The input, rendering, and data-writing systems have been completely revamped.  The current deployment is built atop that foundation and is already showing quick development thanks to its improved, modular architecture.

Go ahead -- try to write some rhythms!  Give us feedback about how it feels!

...And the Beat Goes On...

Week 7 will bring development of the Google Wallet system that will keep this endeavor alive.  Robert is already showing promising transactions, and we look forward to getting this up and running so we can observe what monetization strategy best resonates with our users.

Aside from that, all the functionality from the previous engine will be restored into the new engine.  In the next two weeks, we hope to get you -- and ourselves! -- the ability to write a song made of different-pitched notes and rests!

Wednesday, May 30, 2012

The Soul of Trivial Software and InNotation's Elite

This section was moved from the week 5 update into its own post.

The Business End - What's In A Company

Others' Soul-Searching

Many of the companies you support have mission statements and formal business plans.  Looking at these can be a fun and enlightening exercise. See for yourself if you can identify the companies in the following ten mission statements and core values.

Highlight the missing names to see the company.

  • Google’s mission is to organize the world’s information and make it universally accessible and useful.
  • Apple believes "that people with passion can change the world for the better." -- at least they did in 1997, according to this video...
  •  ... but on their website, they say "Apple designs Macs, the best personal computers in the world, along with OS X, iLife, iWork and professional software. Apple leads the digital music revolution with its iPods and iTunes online store. Apple has reinvented the mobile phone with its revolutionary iPhone and App Store, and is defining the future of mobile media and computing devices with iPad."
  • Amazon’s vision is to be earth’s most customer centric company; to build a place where people can come to find and discover anything they might want to buy online.
  • Dell's mission is to be the most successful computer company in the world at delivering the best customer experience in markets we serve.
  • Facebook’s mission is to give people the power to share and make the world more open and connected.
  • Blizzard Entertainment is "Dedicated to creating the most epic entertainment experiences... ever.".
  • Riot Games aims "to be the most player-centered game studio in the world".
  • Microsoft’s mission is to enable people and businesses throughout the world to realize their full potential.
  • Twitter had its mission statement as a work in progress for a long time before deciding it wanted "To instantly connect people everywhere to what's most important to them." 
Some are more easily identifiable than others.  Some are tied to a product; others to a never-ending goal.  All offer a myriad of paths for us to identify ourselves.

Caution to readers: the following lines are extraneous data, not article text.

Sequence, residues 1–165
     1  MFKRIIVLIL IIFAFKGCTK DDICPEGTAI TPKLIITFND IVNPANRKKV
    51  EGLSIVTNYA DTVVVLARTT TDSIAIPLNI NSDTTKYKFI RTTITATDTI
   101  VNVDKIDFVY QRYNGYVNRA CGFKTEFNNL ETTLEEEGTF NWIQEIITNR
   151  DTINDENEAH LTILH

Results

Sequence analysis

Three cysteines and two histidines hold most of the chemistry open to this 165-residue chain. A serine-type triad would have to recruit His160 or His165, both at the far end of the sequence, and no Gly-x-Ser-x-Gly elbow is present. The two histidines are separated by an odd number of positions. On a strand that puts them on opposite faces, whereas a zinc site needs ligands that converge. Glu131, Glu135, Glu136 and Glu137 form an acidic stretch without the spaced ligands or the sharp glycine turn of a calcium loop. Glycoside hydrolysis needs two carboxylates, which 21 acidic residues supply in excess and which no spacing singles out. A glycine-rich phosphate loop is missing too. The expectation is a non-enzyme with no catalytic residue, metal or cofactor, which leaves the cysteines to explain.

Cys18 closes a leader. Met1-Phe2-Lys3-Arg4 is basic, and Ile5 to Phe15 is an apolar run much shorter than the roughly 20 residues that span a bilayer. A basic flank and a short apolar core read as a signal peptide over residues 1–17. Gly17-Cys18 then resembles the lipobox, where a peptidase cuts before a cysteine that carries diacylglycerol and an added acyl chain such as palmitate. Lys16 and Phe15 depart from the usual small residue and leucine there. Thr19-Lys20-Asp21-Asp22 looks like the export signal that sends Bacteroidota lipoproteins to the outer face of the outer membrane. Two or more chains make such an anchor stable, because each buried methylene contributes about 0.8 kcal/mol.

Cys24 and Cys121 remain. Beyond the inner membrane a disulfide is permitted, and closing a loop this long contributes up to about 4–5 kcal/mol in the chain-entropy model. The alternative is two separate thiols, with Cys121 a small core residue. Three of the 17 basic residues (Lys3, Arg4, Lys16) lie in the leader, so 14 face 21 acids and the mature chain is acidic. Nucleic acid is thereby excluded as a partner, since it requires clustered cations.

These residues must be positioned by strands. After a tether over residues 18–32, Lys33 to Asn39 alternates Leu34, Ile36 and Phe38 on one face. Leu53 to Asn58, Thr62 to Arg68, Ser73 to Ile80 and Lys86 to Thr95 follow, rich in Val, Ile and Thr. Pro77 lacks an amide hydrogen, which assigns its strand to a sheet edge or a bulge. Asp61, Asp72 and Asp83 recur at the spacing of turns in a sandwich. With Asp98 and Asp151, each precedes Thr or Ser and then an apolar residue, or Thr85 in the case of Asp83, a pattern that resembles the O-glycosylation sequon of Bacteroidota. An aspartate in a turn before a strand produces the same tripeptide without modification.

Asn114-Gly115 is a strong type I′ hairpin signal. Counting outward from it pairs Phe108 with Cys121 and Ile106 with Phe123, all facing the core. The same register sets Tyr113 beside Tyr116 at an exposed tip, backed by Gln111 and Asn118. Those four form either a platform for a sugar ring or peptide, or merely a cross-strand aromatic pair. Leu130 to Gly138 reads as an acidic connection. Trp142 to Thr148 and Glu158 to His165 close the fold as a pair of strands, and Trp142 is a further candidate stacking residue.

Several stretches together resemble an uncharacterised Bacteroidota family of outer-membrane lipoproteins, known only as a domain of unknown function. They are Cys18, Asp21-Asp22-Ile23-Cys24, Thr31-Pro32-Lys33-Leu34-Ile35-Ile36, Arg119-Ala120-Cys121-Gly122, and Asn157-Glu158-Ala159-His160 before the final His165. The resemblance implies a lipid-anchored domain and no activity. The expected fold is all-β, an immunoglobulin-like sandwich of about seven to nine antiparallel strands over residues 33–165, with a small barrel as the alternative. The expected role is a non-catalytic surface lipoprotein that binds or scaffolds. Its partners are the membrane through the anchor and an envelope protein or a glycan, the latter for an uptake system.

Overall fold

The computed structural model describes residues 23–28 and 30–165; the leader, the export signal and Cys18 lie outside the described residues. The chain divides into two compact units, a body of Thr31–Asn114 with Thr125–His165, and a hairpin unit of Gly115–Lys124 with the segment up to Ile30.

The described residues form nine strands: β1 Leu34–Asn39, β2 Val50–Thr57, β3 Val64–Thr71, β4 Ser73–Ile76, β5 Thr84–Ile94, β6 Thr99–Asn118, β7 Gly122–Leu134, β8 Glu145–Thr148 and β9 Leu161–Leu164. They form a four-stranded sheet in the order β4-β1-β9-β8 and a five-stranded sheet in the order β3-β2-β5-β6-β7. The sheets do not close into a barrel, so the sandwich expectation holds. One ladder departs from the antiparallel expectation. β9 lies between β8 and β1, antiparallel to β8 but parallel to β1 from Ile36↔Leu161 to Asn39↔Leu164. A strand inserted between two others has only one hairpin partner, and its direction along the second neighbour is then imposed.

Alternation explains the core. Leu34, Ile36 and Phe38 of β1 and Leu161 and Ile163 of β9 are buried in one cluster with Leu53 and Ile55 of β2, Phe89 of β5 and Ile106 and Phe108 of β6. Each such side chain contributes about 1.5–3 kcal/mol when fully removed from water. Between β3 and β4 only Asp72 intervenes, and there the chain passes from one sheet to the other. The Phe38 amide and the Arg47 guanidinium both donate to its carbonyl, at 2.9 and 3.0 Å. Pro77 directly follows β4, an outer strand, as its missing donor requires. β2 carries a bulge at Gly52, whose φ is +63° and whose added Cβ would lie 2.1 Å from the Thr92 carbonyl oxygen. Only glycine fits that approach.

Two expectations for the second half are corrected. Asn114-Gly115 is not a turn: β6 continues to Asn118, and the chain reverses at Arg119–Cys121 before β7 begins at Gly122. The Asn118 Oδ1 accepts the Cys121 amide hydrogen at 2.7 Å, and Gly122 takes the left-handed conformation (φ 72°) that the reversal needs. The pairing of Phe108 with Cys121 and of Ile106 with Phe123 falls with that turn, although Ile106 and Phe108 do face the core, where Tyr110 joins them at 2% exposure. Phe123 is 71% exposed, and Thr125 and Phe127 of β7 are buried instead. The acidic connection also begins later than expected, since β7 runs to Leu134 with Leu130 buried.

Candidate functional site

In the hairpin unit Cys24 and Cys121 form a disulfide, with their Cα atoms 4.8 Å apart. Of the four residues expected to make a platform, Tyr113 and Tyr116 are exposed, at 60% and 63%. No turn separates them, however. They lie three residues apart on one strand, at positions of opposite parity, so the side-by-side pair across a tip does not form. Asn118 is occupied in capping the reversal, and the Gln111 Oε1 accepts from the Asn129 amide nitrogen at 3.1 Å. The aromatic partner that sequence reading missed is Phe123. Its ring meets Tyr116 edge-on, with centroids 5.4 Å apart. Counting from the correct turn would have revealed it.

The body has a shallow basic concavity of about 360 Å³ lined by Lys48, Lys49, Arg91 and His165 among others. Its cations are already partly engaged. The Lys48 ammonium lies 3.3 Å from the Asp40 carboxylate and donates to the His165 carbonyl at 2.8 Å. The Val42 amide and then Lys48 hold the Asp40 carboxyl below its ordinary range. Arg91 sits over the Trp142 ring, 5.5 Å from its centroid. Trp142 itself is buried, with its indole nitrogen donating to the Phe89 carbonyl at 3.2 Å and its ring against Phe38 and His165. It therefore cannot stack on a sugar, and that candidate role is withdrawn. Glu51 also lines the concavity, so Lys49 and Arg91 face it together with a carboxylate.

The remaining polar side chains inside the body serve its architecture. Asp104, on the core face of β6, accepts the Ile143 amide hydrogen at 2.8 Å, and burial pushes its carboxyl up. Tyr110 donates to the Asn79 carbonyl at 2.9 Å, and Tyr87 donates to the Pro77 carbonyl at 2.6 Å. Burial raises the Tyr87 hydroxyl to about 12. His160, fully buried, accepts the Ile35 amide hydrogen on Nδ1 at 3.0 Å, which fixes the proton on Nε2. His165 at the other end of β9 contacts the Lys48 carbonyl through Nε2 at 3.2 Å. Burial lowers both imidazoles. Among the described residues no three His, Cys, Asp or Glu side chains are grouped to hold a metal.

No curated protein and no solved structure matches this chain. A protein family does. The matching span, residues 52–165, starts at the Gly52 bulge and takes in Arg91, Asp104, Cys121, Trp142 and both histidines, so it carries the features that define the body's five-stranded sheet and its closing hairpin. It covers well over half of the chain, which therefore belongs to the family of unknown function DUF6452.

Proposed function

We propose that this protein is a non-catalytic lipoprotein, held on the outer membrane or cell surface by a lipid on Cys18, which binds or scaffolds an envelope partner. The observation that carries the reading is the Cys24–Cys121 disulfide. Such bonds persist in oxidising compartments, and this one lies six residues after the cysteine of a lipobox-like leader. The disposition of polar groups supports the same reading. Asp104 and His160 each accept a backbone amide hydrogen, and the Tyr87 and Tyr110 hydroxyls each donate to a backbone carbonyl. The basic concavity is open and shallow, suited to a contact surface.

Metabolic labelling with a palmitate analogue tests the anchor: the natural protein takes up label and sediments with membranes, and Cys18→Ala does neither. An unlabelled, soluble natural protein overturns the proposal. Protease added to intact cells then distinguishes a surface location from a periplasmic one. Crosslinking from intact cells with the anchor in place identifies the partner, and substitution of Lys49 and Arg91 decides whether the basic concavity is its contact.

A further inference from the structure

Trivial Software

Trivial Software did not start by looking to make the most money or to gain the most number of users in the world.  Trivial Software is the result of looking at current software experiences and being dissatisfied despite such traditional measures of success.  We think not everyone is content with their software -- we see that some of you are even frustrated with whatever industry that software fuels.

We believe you are part of an elite population and that you're being overlooked thanks to the mainstream success established by a majority.  It is genuinely sad to think that you are limited to the tools of the majority, because we also think that behind that dissatisfaction lies a powerful and restrained creativity.

So... we're going to make tools for you.

Trivial Software's mission is to provide
services tailored to an elite niche
overlooked in mainstream successes.

Let's look at what that means at the product level.  Let's talk about our first tool for you: InNotation.

Here are some top results from a Google search for "top hits", at the time of this writing.
Perhaps you're one of those that know how all of these songs work without even listening to them.  You know exactly what software is required to record a sound, clean it up, and how to edit it so it repeats across a few loops.

You know more went into auto-tuning than was spent on anything you actually call music.

You know this because, maybe even in addition to doing the above professionally, you write your own music at home.  Works that you consider real music.  You even keep good company with friends that perform your art with you.  You've wanted to talk to them in that language musicians know... but writing it by hand took too long.

That only took hours or days to complete
and it's certainly all correct, right?
Time to write someone else's part...

Using music software disconnects you from your creations; clicking a box to select a note length interrupts the rhythm drumming on in your head.  Forget it.  So much easier to record that melody, import it in, clean up that sound, maybe edit it across a few loops... wait a minute.